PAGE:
Example 8: Alexander, Nocturne No. 10, mm. 33-35
Both Alexander's nocturnes feature grace notes. In Nocturne in E-flat Major, op. 9, no. 2, Chopin introduces additional ornaments such as trills and inverted mordents. Nevertheless, depending on the student's prior experience with lyrical playing, either the accessible Nocturne No. 4 in D Minor, (Level 4) or the more complex Nocturne No. 10 in F Major (Level 6) would serve as excellent introductions to freely lyrical melody, wide-range chordal accompaniment, and simple grace-note ornamentation.

Intermediate: Nocturne No. 13 in G Major

Alexander's Nocturne No. 13 in G Major (Book 2) exposes students to the calm, intimately serene character also found in Chopin's Nocturne in B Major, op. 32, no. 1. In fact, the opening melody of Alexander's work features the exact rhythmic pattern of the Chopin theme, but with inverse directional motions:

Example 9: Alexander, Nocturne No. 13 in G Major, mm. 1-2
Example 10: Chopin, Nocturne in B Major, Op. 32 No. 1, mm. 1-2
Although the pieces' left-hand patterns have similarly steady eighth notes beamed in groups of four, the pattern in Alexander's nocturne matches even more closely to that of Chopin's Nocturne in C-sharp Minor, op. post. Because these figures require hand extension outside comfortable five-finger positions, a supported, elevated wrist and smooth rotation are required for even, healthy execution:
Example 11: Alexander, Nocturne No. 13, mm. 1-2
Example 12: Chopin, Nocturne in C-sharp Minor, Op. post., mm. 5-6
Like many Chopin nocturnes, Alexander's Nocturne No. 13 in G Major also features a contrasting middle section. Throughout this section, the left-hand passages demonstrate complexity, rapidity, and chromaticism, while the mezzo-piano dynamic necessitates control and a light, secretive touch. This, as well as the artistic sensitivity required for the A section's calmly intimate character, make this piece a Level 7.

Late Intermediate: Nocturne No. 14 in F Minor

Character and musicality play important roles in all of Alexander's nocturnes; however, the attention to notation, ornamentation, phrasing, pedaling, and articulation required in Nocturne No. 14 in F Minor (Book 2) renders this work the sole Level 8 of the collection. The melody opens on a C above the staff, and features ledger-line notes extending another fifth higher. Grace notes, trills, and quintuplet or sextuplet thirty-second-note embellishments abound. Alternations between duple and triple divisions of the beat occur in both hands, necessitating a solid sense of quarter-note pulse rather than counting subdivisions:

Example 13: Alexander, Nocturne No. 14 in F Minor, mm. 35-37
This diversity of texture, beat divisions, and ornamental figurations serves as excellent preparation for Chopin's Nocturne in E Minor, Op. 72. For example, the double thirds in Alexander's Nocturne No. 14 teach students even voicing and control. Both of these factors are required for Chopin's Nocturne in E Minor, which features thirds in a combination of sustained and moving voices:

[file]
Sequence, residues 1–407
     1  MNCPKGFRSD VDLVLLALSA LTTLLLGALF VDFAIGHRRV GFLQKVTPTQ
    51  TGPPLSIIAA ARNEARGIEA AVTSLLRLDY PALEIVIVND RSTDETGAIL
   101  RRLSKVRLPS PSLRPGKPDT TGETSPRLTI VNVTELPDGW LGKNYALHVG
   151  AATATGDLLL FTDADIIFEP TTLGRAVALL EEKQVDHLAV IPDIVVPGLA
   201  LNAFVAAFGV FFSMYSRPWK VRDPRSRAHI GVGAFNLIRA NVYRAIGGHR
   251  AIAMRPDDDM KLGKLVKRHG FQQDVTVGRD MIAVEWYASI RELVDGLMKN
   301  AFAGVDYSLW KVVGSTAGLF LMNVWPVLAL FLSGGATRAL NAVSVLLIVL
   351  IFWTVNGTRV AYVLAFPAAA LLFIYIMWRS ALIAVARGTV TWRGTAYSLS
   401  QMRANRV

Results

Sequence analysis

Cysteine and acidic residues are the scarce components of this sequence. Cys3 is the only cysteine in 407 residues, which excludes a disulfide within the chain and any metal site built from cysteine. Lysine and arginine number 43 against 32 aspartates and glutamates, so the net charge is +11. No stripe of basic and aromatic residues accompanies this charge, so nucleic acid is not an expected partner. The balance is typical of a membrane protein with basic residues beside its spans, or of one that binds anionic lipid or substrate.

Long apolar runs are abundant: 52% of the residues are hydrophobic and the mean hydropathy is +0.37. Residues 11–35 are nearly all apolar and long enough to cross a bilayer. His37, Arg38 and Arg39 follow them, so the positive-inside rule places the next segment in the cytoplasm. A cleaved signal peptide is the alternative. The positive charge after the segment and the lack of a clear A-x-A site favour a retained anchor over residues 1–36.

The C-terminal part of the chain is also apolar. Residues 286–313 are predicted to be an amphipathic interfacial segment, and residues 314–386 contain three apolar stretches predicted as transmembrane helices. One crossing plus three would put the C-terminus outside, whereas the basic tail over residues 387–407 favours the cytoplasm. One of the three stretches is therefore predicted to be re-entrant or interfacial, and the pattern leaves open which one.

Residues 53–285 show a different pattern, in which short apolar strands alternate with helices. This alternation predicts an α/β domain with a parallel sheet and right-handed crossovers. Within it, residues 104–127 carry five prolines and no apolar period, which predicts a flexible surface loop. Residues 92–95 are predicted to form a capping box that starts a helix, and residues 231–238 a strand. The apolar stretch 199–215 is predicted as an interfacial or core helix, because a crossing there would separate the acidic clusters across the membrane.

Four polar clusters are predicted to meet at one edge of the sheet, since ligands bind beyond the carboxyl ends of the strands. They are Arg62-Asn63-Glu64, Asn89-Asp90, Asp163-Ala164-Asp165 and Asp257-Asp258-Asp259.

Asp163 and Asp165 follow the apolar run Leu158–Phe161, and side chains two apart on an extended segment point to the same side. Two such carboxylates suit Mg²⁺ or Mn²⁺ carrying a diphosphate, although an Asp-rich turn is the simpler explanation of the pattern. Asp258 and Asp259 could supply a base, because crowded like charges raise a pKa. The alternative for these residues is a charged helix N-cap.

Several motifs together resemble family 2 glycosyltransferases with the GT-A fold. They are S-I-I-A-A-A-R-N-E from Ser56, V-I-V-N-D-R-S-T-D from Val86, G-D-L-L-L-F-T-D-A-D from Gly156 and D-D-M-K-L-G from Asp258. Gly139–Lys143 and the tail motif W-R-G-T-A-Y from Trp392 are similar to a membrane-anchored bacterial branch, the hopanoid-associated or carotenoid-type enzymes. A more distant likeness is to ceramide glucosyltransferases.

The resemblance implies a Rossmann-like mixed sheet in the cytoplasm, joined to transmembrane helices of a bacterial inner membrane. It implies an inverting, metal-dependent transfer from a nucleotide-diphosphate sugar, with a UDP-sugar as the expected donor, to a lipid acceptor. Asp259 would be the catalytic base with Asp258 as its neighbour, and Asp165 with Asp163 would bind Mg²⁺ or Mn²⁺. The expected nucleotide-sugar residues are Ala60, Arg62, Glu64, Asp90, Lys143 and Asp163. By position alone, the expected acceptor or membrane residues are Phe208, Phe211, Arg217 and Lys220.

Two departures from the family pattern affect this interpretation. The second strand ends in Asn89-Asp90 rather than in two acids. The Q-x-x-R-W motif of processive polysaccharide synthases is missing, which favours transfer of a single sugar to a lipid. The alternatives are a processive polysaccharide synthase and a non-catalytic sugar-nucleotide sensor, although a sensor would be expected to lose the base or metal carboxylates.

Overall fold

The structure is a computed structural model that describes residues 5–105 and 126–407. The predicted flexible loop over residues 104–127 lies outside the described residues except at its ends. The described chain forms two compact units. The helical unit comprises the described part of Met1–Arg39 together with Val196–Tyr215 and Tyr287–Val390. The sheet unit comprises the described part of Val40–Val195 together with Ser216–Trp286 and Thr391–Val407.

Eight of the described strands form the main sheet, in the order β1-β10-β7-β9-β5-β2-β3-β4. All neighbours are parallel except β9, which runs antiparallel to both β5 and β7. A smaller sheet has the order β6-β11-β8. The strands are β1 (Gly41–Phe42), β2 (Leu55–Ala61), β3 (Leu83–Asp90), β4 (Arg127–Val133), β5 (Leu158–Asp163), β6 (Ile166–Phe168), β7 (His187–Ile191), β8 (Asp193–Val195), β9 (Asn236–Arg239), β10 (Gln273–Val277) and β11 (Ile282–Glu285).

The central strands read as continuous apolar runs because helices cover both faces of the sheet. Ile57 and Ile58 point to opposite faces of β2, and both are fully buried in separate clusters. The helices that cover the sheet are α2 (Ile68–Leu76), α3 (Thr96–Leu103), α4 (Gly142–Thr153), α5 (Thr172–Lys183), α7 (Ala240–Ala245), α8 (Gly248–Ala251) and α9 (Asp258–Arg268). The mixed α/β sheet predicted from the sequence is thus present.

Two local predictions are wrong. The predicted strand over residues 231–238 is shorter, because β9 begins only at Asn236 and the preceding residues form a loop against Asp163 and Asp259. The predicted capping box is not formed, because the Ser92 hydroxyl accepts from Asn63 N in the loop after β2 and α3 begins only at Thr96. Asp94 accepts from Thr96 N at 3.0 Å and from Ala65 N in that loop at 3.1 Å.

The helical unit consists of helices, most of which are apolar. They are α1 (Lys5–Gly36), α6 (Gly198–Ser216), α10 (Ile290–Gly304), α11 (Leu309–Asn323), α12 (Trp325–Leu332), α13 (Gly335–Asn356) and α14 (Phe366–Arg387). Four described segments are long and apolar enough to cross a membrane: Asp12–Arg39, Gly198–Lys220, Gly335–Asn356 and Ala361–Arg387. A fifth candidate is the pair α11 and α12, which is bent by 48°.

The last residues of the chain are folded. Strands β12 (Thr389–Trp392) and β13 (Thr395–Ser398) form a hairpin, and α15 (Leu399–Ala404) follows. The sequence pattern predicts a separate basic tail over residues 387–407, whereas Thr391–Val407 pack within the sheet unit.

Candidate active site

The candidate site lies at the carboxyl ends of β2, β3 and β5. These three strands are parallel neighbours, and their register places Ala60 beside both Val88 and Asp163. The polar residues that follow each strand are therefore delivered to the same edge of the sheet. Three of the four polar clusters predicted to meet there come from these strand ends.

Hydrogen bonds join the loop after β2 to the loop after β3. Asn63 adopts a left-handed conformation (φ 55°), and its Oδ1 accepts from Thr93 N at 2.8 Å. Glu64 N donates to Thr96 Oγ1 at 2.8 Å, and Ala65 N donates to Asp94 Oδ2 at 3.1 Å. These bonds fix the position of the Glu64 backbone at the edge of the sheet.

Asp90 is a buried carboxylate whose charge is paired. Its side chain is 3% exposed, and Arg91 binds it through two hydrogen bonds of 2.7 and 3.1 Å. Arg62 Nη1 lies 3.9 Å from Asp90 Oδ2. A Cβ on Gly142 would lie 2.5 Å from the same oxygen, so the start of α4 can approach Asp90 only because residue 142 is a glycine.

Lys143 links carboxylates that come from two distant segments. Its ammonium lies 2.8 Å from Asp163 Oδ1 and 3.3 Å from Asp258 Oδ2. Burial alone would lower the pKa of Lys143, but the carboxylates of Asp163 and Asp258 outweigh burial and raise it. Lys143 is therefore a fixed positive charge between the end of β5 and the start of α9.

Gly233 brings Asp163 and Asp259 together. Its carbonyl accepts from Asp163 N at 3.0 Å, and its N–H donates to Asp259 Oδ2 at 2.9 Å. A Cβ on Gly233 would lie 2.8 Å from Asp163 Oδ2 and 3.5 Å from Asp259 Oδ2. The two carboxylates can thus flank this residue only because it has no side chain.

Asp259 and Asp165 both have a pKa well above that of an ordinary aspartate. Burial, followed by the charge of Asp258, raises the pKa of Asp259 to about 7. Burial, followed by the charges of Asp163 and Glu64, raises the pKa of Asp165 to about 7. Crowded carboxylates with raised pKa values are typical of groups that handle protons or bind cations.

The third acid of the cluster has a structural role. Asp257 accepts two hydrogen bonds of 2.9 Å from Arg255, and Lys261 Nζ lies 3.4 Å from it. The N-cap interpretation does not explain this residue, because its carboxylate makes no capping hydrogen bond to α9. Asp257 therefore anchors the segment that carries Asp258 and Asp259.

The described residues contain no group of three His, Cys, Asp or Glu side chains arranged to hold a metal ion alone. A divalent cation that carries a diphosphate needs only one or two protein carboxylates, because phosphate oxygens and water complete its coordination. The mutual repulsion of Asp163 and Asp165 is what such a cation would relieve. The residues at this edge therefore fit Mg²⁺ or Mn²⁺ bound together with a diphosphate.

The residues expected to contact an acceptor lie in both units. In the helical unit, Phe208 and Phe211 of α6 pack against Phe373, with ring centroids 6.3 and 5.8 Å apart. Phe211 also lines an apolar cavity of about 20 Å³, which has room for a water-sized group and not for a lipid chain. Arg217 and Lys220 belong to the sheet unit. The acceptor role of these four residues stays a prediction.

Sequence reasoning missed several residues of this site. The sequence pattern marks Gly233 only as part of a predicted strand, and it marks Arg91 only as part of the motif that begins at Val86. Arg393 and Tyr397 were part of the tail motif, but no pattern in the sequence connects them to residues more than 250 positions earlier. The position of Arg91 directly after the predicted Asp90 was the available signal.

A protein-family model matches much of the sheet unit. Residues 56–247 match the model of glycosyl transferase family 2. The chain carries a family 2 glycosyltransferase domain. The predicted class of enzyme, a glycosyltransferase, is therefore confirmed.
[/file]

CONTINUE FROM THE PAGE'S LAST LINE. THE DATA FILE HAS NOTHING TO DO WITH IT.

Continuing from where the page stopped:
Example 15: Alexander, Nocturne No. 14, mm. 23-24
Example 14: Chopin, Nocturne in E Minor, op. 72, mm. 15-16

Conclusion

Dennis Alexander's two-volume collection Nocturnes: Romantic-Style Solos for Piano holds significant pedagogical value because the pieces share distinct textural and stylistic similarities with Chopin nocturnes. However, they were specifically composed to be accessible for an intermediate student. Since the two-volume Nocturnes includes only one work at a Level 8 difficulty, additional Level 8-9 lyrical pieces should round out the student's preparation for Chopin. Works to explore include John Field's nocturnes or Gabriel Faure's Romances sans paroles, Op. 17. However, in terms of intermediate repertoire, Alexander's fourteen-piece collection excellently introduces genre idioms such as expressive melodies with chromaticism, leaps, and graceful ornamentation; arpeggiated accompaniments; and the need for dexterity in both fingering and motion around the keyboard. If these nocturnes are thoughtfully assigned, especially in the order detailed above, throughout the course of intermediate study students will gain invaluable familiarity with both the musical and technical fluency required for advanced Chopin nocturnes.

1Jane Magrath, The Pianist's Guide to Standard Teaching and Performing Literature (Van Nuys, CA: Alfred Publishing Co., Inc., 1995), 143.
2These works are not catalogued in Magrath's text, but have been leveled according to her system for the purposes of this article.

Bibliography

Alexander, Dennis. "Meet the Composer: A Conversation with Dennis Alexander." Piano Pedagogy at the New School for Music Study. Accessed March 19, 2019. https://www.pianopedagogy.org/single-post/2017/12/18/Meet-the-Composer-A-Conversation-with-Dennis-Alexander.

———. Nocturnes: 6 Romantic-Style Solos for Piano. Vol. 2. 2 vols. Van Nuys, CA: Alfred Music, 2018.

———. Nocturnes: 8 Romantic-Style Solos for Piano. Vol. 1. 2 vols. Van Nuys, CA: Alfred Music, 2018.

Chopin, Frederic. Chopin Ballads and Nocturnes for Piano. Edited by Alfred Cortot. Paris, France: Editions Salabert/Hal Leonard, 2013.

Magrath, Jane. The Pianist's Guide to Standard Teaching and Performing Literature. Van Nuys, CA: Alfred Publishing Co., Inc., 1995.

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From the Artist Bench with Lara Downes
Chopin: Waltz in B Minor, Op. 69, No. 2